By Sam Cortes, Communications Coordinator
Background Noise


As a not-so-avid golfer, that’s a word you’ll hear quite often coming out of my mouth. Whether it’s a twilight round at Tuxedo Golf Course or a simple niner at the Canoe Club, people know to watch out when I’m on the tee. 

The same cannot be said for the 1962 Manitoba Ladies Amateur Golf Team, the first and only team from Manitoba to win the Canadian Senior Women’s National Golf Team Championship. 

This team was made up of four amazing golfers: Marg Homenuik, Heather Telfer, Merlene Netterfield, and Anne Tachan, each bringing their own championship pedigree from individual play to the team, including provincial championships and tournament wins!


The Tournament Won 

Playing in their own backyard, the Manitoba foursome had a sense of destiny about them. They had all the tools, smarts, and mentality to know what it takes to win.

The only question that remained was, could they put it all together at the right time? Yes! They ended up blowing away the competition, beating British Columbia by 10 strokes. 

The championship was conducted over 36 holes at the Southwood Golf and Country Club. On the first day, the ladies had a score of 331 over 18 holes (only the top three scores of the four are recorded). 

On the second day, they were even better, shooting a 325 over 18 holes and finishing with an overall team score of 656.

Merlene Netterfield really stood out, shooting the low as an individual golfer during the entirety of the tournament. In case you’re not a golfer, low scores are better than high scores!


Sticks and Shoes

On display in our decades gallery are Merlene Netterfield’s game-worn shoes and clubs from the early 1960s. If you take a closer look, you can see the style of golf clubs have not changed too much, although the way they are made sure has!

Golfers today have all kinds of advancements in technology on their side that improve aerodynamics so the ball can travel faster and further. It was not until the 1980s that companies implemented ways to measure club performance.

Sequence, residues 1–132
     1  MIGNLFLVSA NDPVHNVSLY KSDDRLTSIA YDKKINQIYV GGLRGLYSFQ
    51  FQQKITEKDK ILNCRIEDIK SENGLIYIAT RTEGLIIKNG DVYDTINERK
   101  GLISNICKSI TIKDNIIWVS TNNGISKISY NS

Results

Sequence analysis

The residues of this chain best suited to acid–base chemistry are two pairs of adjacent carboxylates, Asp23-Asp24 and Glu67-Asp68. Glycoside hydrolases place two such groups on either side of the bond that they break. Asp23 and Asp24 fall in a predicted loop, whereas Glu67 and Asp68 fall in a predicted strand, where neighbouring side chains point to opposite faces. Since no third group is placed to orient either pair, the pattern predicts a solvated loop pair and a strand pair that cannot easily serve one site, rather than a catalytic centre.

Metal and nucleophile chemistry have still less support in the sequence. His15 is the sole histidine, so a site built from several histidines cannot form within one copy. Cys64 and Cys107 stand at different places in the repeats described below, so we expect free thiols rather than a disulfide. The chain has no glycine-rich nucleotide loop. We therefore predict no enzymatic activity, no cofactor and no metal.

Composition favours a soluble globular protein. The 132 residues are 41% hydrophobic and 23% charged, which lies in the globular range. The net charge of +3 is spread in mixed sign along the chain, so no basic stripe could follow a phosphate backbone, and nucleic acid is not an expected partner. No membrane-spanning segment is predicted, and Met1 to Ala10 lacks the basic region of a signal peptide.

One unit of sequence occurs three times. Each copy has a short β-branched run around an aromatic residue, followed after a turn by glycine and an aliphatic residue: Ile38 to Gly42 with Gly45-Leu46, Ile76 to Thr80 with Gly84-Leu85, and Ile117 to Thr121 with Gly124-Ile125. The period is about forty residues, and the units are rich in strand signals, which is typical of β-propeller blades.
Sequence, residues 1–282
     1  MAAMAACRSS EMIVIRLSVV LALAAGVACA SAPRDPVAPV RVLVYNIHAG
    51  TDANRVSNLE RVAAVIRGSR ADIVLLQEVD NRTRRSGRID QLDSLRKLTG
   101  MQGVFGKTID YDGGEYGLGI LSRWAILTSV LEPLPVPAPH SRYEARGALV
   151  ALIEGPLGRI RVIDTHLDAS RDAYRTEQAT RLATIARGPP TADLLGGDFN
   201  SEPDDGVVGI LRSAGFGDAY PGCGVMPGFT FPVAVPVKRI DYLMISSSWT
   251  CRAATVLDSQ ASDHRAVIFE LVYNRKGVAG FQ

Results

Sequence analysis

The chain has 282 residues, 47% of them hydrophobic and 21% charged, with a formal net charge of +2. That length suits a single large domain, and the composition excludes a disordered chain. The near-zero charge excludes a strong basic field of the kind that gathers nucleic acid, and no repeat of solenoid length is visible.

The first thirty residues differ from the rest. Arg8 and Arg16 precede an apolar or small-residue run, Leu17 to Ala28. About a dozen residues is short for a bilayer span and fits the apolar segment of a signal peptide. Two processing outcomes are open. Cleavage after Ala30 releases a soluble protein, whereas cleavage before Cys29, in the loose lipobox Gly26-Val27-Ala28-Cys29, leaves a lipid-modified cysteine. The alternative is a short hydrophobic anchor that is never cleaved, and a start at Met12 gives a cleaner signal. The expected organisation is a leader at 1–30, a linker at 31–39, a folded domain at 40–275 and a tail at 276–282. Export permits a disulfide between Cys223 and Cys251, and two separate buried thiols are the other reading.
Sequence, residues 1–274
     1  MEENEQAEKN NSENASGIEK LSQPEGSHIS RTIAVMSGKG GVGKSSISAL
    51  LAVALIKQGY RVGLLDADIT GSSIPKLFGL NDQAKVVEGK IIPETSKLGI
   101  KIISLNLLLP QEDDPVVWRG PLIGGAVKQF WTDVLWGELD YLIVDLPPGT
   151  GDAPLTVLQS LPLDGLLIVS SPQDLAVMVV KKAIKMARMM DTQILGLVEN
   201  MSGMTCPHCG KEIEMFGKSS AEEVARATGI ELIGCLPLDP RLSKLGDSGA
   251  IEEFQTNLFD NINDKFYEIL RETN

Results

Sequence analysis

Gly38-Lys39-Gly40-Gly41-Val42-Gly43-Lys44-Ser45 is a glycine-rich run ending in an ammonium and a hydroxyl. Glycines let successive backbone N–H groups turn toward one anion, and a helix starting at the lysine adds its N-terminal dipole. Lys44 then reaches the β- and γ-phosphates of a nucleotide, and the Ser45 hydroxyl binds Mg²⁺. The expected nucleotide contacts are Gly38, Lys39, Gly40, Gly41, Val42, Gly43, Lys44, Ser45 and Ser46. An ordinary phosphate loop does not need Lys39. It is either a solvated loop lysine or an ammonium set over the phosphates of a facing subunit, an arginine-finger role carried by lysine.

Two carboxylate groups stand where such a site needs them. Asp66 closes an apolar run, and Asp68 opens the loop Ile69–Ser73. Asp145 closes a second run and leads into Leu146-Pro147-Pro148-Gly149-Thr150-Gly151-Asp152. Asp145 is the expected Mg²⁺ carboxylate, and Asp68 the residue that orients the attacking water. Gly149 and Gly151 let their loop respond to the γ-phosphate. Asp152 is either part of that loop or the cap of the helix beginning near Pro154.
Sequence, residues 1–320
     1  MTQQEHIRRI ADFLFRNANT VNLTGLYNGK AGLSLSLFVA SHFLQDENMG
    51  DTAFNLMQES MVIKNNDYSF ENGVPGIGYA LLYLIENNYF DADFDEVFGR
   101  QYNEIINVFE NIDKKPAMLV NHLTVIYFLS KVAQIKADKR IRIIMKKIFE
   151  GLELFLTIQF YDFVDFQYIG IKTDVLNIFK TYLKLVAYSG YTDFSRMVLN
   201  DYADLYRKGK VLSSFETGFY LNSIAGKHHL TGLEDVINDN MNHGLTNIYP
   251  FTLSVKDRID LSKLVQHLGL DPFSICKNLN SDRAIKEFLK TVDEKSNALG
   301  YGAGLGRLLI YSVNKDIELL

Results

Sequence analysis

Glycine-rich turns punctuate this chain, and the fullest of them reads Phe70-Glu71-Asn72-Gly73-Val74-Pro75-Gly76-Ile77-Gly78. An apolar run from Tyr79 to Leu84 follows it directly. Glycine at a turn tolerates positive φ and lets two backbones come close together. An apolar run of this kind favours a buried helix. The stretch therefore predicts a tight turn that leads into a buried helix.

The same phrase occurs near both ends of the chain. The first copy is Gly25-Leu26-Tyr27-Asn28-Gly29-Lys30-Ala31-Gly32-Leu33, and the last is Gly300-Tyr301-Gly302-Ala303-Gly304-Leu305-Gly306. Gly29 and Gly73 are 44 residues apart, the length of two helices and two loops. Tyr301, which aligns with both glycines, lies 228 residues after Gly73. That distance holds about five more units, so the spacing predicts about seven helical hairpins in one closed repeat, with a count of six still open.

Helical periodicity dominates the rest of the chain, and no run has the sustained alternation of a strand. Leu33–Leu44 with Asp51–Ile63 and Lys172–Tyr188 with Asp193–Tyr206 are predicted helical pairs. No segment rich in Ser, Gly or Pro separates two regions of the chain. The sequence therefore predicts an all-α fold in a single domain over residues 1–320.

In the 1960s, it was still more about the look and feel of the club. For example,  the irons were not as forgiving as they are today. Now, the face of the irons have been thinned out and the weight changed, allowing for a higher launch angle and more distance.

Even bigger changes have been made to the driver. The club face and size of the club head were much smaller in the 60s and golfers had to be more accurate with their contact, making sure they hit it – literally – between the screws. 

Now, drivers have much larger and forgiving club faces, so accuracy is not as important when striking the ball. They are also lighter, which generates more swing speed, making the ball travel further. Now whether that’s a good or a bad thing for your shot still depends on whether you hit the ball properly. This last part is key, and in my case, I still haven’t figured out the finesse game of golf and struggle on contact consistency. It often goes far… but seldom where I want it to go.




End The Drought 

It has been 59 years since the Manitoba foursome won the 1962 championship.  Since then, no Provincial men’s or women’s team has come close to duplicating their performance; although the University of Manitoba golf program is showing promise in the last decade. 

This enhances how rare and significant that title really is. Sure, we can make excuses that there are shorter golf seasons in our province, but even then, it makes this feat that much more special. Hopefully, though, the province of Manitoba won’t be shouting “fore” too much longer.